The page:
Last week, I also had the opportunity to visit with staff of an experienced HAE clinical trial site that has been a major contributor to trials of every new treatment introduced for HAE and was told this drug will be life changing for the HAE community. So I'm very happy to report that all the activities needed to wrap up the 48-week dosing and analysis in APeX-2 and APeX-S are on track, and we are very confident in our Q4 target to submit the US NDA and Q1 2020 target to submit both the European MAA and JNDA in Japan.

Moving on to our oral Factor D inhibitor program for complement-mediated diseases. I'm very pleased to say that we have also had strong support from US and international expert physicians for progressing 9930 in the clinic as fast as possible. Because of the medical need across multiple different disease indications we're the alternative pathway of [Indecipherable] bad actor because they have been hoping for Factor D inhibitor and especially an oral complement inhibitor drug.

The non-clinical profile of 9930 is extremely promising. The key findings were absolutely dose-proportional exposure over a big range. Human equivalent doses of the oral [Phonetic] dose level of five grams per day, prompt and sustained suppression of the alternative pathway of complement after oral dosing at a fraction of an oral dose in non-human primates.

What these findings mean is that we should have a very wide margin of safe dosing in the clinic to achieve our therapeutic goals in complement inhibition. The Phase 1 clinical trial in healthy subjects is off to a great start and is progressing rapidly. We look forward to sharing the safety tolerability PK and PD results of this study in the fourth quarter.

As you've seen with other programs in the field, Phase 1 healthy subjects studies with complement inhibitors provide vastly more information than the usual Phase 1 clinical trial because we can measure suppression of this pathway in healthy subjects using alternative pathway biomarkers that are predictive of clinical effects and because this greatly facilitates dose selection for trials in the target diseases.

Also very important, and unlike many other disease areas, they are commercially available standardized assays like [Indecipherable] assay that enable comparison across programs. Progression of 9930 from discovery project non-clinical development to Phase 1 in the clinic has gone very fast and we have closed most of the gap with the oral Factor D inhibitor competition. We look forward to moving quickly to clinical proof-of-concept in patients with PNH in 2020. That will be very exciting as we can easily measure multiple biomarkers like [Indecipherable] that are both predictive of clinical benefit and very quick to obtain after very brief durations of dosing. You can look forward to seeing data on 9930 in PNH subjects in 2020.

Now, I'd like to turn the call over to Megan.

Megan Sniecinski -- Senior Vice President and Chief Business Officer

Thanks, Bill. For all the reasons Jon, Tom and Bill have laid out, I'm really excited to be here at this pivotal stage for BioCryst. It's a privilege to be part of a company that's fully dedicated to bringing life-changing oral treatments to patients with rare diseases. Looking at what's ahead, I'm eager to bring my experience and energy to building the capabilities and infrastructure we need to commercialize 7353 and to advance our pipeline, with the ultimate goal to create value for our patients. In this role, I have accountability for business development and corporate strategy, supply chain and program management. Right now, my focus is on execution across three key areas: Launch readiness; advancing our development programs; and exploring BD [Phonetic] opportunities that fit with our strategy.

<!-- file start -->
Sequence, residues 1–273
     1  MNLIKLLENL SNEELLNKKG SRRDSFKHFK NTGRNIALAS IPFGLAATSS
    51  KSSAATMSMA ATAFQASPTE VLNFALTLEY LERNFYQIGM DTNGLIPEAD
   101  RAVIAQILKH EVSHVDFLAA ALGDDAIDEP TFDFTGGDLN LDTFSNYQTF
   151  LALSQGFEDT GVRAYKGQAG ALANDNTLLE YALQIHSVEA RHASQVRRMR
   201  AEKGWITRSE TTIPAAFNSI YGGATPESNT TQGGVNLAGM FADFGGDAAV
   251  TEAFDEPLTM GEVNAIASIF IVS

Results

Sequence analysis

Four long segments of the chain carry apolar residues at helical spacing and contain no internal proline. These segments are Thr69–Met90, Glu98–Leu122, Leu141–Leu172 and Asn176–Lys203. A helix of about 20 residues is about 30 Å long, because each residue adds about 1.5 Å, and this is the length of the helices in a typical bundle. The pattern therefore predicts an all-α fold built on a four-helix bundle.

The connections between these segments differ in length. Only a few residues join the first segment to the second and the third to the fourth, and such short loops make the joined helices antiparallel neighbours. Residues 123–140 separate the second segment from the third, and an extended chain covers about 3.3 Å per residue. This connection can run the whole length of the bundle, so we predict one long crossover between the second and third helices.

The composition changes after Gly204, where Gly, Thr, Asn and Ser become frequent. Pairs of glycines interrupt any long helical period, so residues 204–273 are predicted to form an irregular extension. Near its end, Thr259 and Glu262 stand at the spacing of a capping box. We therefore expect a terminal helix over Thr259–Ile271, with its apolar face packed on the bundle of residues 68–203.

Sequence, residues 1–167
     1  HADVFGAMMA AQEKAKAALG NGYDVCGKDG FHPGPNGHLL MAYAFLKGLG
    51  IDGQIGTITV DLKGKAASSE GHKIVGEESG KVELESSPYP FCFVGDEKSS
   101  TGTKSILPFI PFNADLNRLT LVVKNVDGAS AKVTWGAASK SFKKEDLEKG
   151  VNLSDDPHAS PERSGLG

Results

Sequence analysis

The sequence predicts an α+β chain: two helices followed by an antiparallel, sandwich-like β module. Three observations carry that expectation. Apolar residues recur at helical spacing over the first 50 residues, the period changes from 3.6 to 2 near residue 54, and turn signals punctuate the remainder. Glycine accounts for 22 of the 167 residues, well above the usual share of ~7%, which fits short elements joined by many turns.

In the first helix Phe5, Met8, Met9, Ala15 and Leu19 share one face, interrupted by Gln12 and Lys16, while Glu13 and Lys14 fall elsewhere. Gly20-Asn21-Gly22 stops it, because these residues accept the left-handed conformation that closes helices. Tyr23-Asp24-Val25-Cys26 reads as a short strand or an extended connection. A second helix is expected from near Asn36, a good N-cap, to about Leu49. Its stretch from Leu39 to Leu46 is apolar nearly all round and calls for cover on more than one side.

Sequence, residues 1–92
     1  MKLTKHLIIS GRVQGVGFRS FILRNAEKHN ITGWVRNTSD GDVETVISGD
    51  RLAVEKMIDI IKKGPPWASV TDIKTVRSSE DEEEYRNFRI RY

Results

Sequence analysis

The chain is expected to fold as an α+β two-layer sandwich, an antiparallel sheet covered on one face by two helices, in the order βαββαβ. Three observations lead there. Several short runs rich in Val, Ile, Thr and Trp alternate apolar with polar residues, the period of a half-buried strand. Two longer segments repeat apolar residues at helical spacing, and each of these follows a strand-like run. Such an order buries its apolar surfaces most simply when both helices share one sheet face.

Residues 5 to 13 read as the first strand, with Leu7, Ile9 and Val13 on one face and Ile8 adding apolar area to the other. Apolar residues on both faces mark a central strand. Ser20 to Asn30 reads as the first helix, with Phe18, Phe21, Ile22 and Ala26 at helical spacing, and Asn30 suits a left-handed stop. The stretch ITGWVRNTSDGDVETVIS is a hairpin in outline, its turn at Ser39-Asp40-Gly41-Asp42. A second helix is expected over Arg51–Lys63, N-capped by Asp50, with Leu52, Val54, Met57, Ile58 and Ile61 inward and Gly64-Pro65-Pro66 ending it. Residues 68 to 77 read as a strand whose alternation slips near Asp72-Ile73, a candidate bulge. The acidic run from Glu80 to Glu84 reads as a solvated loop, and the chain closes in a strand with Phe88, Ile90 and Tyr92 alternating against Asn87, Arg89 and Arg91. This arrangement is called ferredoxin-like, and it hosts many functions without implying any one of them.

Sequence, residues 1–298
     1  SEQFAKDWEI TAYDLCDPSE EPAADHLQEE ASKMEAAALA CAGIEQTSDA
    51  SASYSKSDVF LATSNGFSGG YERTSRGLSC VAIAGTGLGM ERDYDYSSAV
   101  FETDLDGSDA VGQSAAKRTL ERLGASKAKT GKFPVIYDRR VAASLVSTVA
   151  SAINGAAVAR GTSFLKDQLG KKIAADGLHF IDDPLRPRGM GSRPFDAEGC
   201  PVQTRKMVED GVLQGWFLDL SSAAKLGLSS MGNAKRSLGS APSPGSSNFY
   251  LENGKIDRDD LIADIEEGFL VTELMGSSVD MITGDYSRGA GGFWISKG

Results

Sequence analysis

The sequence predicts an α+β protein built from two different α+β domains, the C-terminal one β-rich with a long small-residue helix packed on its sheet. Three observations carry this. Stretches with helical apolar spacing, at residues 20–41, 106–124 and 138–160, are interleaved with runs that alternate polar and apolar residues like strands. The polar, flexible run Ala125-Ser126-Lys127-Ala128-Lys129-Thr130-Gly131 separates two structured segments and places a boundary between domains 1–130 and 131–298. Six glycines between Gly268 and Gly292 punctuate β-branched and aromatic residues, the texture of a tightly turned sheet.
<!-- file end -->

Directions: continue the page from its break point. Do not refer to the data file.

First, for launch readiness, these activities include finalizing our launch plans based on the physician, patient and market insights, Jon mentioned earlier. Actively building out our supply and distribution channel both in the US and ex-US to be well positioned to support the strong patient demand we anticipate. And concentrating our effort on the key resources and investments we need to support a highly successful launch.

The regulatory submissions are also the team's top priority. And we remain on track for the FDA submission in the fourth quarter, and the EMA and Japanese submissions in the first quarter of 2020. Knowing every day matters to the patients we serve, we will be fully focused on ways to rapidly advance our HAE programs as well as our early stage assets, like 9930.

Lastly, on the BD [Phonetic] front, as Tom noted, we're actively exploring potential partnering opportunities to maximize the value of our assets. For example, the accelerated regulatory path with 7353 Sakigake designation in Japan presents a real opportunity to consider a local partner, one who has the capabilities and strength to bring our product to a market which currently has no approved prophylactic treatments.

I, too, was overwhelmed by the reception BioCryst received at the recent HAEA Patient Summit. This is a highly engaged, aligned and driven patient organization, and I'm very excited to be here and to partner with this amazing community to bring our product to patients in need.

Now, let me turn it back over to Jon.

Jon P. Stonehouse -- President and Chief Executive Officer

Thanks, Megan. Let me wrap up with this. In my 12 years at BioCryst, the Company has never been in a stronger position. We are hearing extraordinary customer demand for BCX7353. Next year, we will launch the first oral prophy HAE treatment and a proof-of-concept data on a potential blockbuster oral Factor D inhibitor is coming soon. And finally, we have the financial flexibility to get the capital we need to get there.